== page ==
Sunday, January 21

Book Review: Wintersong by S. Jae-Jones

Wintersong: A Novel by S. Jae-Jones, St. Martin's Griffin 2017

One of my goals for 2018 is to get back into a regular reading habit, and one of the ways I hope to do that is by keeping up with recommendations from you guys and from the other members of the Creating and Co. Book Club. The December club choice was author S. Jae-Jones' debut Wintersong. From reading the synopsis, I wasn't sure it was something I'd be into - goblins? - but I got an e-mail invitation from Netgalley and decided to take it as a sign. After reading the first chapter, I got sucked into the novel's dark magical world, and would recommend it - with some reservations.
Wintersong's main character, Liesl, lives in Bulgaria with her family. There's her alcoholic father, who was a famous violinist in Salzburg. Her hardworking mother, who runs the family's inn while Liesl looks after her siblings. In fact, she's so selfless that she is happy when her beautiful sister Käthe becomes engaged to the boy she liked, and when her musically gifted brother gets an opportunity that may take him far from home. Liesl shares the family gift for music, her talent lying in composing rather than performance, but will never be able to achieve fame for it because she is a girl. There's also her superstitious grandmother, who warns the children about the Goblin King, Der Erlkönig, and though Liesl is too old for such nonsense she has fond, vague memories of a childhood spent playing with a strange little boy in the wooded area she and her siblings called the "Goblin Grove." 

Though Wintersong is a fantasy, references to real musicians like Mozart place the storyline in the 1790s or early 1800s. With this setting, it was easy to forget that Jae-Jones based the novel on the 1980's Jim Henson movie Labyrinth, but both stories share a common initiating event: a sibling stolen by the Goblin King. When Käthe goes mising, Liesl must travel into the underworld to free her from the beautiful, frightening ruler - and in doing so, finds her own power. Jae-Jones is a self-professed English literature nerd, and there are shades of Jane Eyre in Wintersong - along with moments that reminded me of Beauty and the Beast and the story of Hades and Persephone. Her prose style perfectly suits the dark fairytale flavor of the novel, though she does have a few overused words and phrases - I got tired of the King being called "austere," Liesl's "décolletage," and the underworld's many "objets d'art." I did love that Wintersong's Der Erlkönig has different-colored eyes, a subtle shoutout to David Bowie and Labyrinth's King Jareth.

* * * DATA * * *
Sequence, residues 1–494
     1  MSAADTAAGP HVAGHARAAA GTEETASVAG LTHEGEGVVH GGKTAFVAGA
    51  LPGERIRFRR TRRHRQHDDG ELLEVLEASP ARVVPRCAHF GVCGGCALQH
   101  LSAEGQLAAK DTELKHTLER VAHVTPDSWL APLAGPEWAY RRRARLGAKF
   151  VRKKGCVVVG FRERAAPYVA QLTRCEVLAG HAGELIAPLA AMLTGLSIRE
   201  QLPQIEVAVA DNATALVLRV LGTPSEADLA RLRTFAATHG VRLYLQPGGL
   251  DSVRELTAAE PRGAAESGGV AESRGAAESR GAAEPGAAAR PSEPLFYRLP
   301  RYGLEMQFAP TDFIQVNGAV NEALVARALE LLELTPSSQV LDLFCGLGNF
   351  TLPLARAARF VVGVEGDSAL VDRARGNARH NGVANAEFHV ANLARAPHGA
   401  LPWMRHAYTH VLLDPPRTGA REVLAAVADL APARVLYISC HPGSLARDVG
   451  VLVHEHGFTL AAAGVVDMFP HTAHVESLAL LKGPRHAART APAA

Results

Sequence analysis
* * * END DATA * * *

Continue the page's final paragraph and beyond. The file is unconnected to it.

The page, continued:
Remember this guy?

School Library Journal recommends Wintersong for grades 9 and up, and it's marketed as YA, but I would not feel comfortable putting it in a ninth grade classroom library due to several romance scenes that, while not as graphic as an adult romance novel, leave little to the imagination. I also feel that narratives about relationships like Liesl's with the Goblin King - in which the lonely girl "fixes" a cruel, controlling man with her love - can be downright dangerous to some young women readers. For me, this book belongs in the New Adult section, and maybe that makes me an old prude. That said, this old prude will be seeking out the sequel, Shadowsong, to find out what happens next for Liesl and Der Erlkönig.

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